Saturday, April 01, 2023

Extinct



Erin O'Toole has resigned from Parliament and from the Conservative Party -- proof that the party is still Stephen Harper's party. Harper has been offering advice to the Conservatives. Susan Delacourt writes

Harper, on the other hand, offered this advice when he appeared on stage last week at a big conference in Ottawa:

“What I say to Conservative opposition leaders is: your job today, yeah, broadly speaking, indicate a direction you’re going to go, but it’s not to talk about how you would run the country.”

This, Harper said, is the road map to power for current Conservative Leader Pierre Poilievre — say as little as possible on the hope-and-ideas front.

Mr. Harper is a master of political bait and switch:

What made Harper’s do-nothing advice stand out in this discussion, though, is that it was at direct odds with their recollections of how they led their parties to prominence and, in Harper’s case, power.

Reform almost single-handedly put deficit reduction and constitutional weariness on the political radar in the 1990s and forced the Liberals to adopt those policies. That is absolutely true. Reform’s pressure created the public-opinion conditions for the Liberals’ budget-balancing measures under Jean Chr├ętien and Paul Martin.

Harper, meanwhile, seems to have developed a case of amnesia about how the Conservatives rode to power in 2006 on the strength of five big priorities, which they hammered home with incredible message discipline and clever marketing in the 2005-06 election campaign. They were, for those who have forgotten: a cut to the GST, $100 cheques for child care, the “accountability act,” cracking down on crime and ending health-care wait times.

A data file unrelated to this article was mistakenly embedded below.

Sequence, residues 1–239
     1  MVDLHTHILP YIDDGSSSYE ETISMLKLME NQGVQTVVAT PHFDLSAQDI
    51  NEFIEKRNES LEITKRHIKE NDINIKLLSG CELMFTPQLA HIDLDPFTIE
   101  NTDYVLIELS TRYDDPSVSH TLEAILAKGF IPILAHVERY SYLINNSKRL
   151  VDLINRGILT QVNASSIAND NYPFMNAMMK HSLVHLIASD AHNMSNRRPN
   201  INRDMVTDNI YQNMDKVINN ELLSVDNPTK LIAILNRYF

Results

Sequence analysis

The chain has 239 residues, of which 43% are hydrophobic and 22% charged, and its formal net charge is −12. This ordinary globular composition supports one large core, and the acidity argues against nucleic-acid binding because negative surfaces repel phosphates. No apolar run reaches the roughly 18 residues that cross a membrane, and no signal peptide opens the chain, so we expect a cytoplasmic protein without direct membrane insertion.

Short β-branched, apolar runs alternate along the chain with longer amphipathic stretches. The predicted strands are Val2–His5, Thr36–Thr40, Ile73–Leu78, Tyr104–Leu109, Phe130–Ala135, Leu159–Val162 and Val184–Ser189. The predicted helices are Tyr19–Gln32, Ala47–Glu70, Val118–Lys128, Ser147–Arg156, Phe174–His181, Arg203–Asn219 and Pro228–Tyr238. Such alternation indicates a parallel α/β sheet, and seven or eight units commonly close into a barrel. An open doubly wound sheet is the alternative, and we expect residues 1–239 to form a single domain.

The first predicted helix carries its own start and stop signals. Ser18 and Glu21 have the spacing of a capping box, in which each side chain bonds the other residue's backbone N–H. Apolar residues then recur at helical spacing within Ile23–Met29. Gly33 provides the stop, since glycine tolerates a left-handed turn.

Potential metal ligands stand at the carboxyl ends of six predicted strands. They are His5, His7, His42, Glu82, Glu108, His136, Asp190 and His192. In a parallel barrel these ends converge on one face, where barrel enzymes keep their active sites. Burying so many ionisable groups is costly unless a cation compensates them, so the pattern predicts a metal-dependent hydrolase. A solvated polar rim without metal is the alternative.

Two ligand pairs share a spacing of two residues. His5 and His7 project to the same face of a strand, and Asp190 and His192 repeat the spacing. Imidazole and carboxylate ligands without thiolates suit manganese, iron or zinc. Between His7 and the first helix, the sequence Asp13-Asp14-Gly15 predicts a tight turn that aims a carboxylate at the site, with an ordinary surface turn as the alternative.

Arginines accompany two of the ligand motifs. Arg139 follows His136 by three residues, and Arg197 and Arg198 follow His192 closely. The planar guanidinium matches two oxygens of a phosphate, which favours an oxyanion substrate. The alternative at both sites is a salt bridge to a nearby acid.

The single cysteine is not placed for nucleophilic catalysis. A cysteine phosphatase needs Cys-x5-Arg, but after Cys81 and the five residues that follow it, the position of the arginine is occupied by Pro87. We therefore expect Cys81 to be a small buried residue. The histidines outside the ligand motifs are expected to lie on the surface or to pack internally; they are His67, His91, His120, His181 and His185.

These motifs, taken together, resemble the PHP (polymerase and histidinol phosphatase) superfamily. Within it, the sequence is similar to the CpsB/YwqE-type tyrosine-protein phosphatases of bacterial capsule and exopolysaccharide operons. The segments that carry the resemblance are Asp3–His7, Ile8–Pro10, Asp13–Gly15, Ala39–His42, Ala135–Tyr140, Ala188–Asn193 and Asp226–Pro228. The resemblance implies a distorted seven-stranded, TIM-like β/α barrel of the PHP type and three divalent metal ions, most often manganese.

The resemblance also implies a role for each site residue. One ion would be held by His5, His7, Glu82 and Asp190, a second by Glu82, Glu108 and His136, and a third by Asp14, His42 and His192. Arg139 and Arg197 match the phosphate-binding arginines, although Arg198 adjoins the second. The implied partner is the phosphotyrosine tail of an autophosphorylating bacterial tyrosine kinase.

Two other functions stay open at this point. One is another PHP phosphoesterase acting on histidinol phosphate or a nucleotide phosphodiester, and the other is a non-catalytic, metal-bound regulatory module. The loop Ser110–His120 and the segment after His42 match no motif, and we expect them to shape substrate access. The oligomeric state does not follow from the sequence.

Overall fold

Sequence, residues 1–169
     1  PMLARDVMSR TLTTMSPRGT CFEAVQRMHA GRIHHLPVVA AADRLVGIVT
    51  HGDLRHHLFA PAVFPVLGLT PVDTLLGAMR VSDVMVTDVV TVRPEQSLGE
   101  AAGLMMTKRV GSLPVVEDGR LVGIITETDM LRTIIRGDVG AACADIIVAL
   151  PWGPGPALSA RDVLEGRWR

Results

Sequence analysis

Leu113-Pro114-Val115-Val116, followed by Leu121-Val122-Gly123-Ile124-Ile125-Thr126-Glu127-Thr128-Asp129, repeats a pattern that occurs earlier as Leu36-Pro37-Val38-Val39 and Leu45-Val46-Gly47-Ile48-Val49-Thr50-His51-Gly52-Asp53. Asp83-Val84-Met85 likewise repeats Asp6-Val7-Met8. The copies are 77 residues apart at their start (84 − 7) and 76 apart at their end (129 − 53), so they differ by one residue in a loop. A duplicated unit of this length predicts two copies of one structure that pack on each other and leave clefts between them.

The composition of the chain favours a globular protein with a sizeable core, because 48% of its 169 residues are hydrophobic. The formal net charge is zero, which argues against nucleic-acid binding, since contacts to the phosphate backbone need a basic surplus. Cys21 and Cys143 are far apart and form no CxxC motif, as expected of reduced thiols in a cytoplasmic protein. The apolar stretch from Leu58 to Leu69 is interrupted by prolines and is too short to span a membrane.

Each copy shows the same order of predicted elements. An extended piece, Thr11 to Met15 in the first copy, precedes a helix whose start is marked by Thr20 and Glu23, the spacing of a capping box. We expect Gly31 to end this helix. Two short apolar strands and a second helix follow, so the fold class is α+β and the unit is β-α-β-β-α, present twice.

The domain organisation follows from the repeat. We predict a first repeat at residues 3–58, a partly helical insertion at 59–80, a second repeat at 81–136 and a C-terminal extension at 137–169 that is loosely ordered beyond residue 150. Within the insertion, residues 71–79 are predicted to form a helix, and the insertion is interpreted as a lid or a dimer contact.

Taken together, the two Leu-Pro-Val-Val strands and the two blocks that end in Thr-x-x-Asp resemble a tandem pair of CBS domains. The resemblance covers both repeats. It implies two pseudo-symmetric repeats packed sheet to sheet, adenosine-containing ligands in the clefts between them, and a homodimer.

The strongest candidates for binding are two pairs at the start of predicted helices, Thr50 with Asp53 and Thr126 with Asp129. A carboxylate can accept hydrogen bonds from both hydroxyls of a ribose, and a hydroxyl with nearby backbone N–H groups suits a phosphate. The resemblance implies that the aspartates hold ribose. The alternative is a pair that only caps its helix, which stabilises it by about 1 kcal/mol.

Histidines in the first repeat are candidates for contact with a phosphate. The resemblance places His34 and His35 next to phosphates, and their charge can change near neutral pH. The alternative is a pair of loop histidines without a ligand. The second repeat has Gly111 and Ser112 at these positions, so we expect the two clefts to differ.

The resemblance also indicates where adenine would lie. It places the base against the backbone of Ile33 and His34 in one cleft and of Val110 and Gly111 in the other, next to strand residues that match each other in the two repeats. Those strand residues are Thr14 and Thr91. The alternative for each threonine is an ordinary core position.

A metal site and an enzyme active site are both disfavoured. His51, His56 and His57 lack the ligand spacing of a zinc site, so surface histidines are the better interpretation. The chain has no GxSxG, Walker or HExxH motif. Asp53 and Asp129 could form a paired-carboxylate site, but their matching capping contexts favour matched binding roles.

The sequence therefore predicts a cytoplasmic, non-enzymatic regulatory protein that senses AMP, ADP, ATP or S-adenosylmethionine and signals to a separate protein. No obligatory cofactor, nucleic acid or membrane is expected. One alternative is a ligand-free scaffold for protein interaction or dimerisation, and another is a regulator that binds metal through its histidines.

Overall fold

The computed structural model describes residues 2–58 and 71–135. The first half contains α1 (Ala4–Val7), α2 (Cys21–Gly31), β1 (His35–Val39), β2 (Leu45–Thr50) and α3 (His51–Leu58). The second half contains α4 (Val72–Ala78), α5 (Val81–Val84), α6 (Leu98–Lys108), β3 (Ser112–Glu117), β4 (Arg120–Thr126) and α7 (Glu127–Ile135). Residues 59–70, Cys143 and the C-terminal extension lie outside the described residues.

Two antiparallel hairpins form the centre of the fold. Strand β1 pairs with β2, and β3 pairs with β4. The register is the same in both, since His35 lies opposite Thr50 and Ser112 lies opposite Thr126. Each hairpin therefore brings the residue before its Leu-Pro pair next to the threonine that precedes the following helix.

What Harper has also forgotten — as many have observed — is that he came into office as one of the most media-friendly politicians of his era. He was a regular on TV political panels. He frequently held long, answer-filled scrums as Opposition leader. He spoke often to journalists like me, on and off the record.

It was only after he became prime minister that he became overtly hostile to the media — an approach that Poilievre has clearly adopted in opposition.

Harper, showing that old paranoid-PM streak, warned Poilievre last week that to talk openly about hopes and ideas would be to fall into a trap with the “liberal media.”

There were two Stephen Harpers. We shouldn't forget who the real one was. I suspect that there are also two Pierre Poilievres. What the two Harpers and Poilievres are telling us is that there is no such species as a Progressive Conservative anymore. They are all extinct.

Image: The Toronto Star

10 comments:

Cap said...

The Progressive Conservatives, aka the Tories, became extinct the minute Harper hung the "Under New Management" sign outside their HQ. The name lives on provincially in Ontario, but it's a misnomer that I'm sure will be corrected at some point.

Refusing to talk about how you would run the country is a giant red flag, as we know all too well from Ford's last campaign. But it's also a golden opportunity for the other parties to define the Cons as shifty and untrustworthy. A clever politician could even pin the Cons down on certain issues and force them to deny what they are all about. We saw how Biden pulled that juijitsu move when he forced GOP leaders to deny that they were coming after social security and Medicare. The Libs and NDP really need to get more creative in going after PP.

Owen Gray said...

I agree, Cap. PP should be an easy target.

jrkrideau said...


@cap
Refusing to talk about how you would run the country is a giant red flag,